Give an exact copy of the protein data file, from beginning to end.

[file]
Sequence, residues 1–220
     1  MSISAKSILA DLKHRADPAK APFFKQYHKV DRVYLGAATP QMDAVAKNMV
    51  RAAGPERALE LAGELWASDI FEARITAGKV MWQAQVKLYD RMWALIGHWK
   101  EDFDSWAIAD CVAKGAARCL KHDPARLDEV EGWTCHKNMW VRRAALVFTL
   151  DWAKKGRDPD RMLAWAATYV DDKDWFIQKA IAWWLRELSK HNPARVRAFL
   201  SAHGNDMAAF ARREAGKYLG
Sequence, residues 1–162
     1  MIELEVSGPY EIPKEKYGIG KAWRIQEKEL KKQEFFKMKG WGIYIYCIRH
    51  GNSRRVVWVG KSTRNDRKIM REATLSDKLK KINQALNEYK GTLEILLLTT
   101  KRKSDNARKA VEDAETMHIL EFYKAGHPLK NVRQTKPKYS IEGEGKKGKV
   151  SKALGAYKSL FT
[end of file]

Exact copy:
Sequence, residues 1–220
     1  MSISAKSILA DLKHRADPAK APFFKQYHKV DRVYLGAATP QMDAVAKNMV
    51  RAAGPERALE LAGELWASDI FEARITAGKV MWQAQVKLYD RMWALIGHWK
   101  EDFDSWAIAD CVAKGAARCL KHDPARLDEV EGWTCHKNMW VRRAALVFTL
   151  DWAKKGRDPD RMLAWAATYV DDKDWFIQKA IAWWLRELSK HNPARVRAFL
   201  SAHGNDMAAF ARREAGKYLG
Sequence, residues 1–162
     1  MIELEVSGPY EIPKEKYGIG KAWRIQEKEL KKQEFFKMKG WGIYIYCIRH
    51  GNSRRVVWVG KSTRNDRKIM REATLSDKLK KINQALNEYK GTLEILLLTT
   101  KRKSDNARKA VEDAETMHIL EFYKAGHPLK NVRQTKPKYS IEGEGKKGKV
   151  SKALGAYKSL FT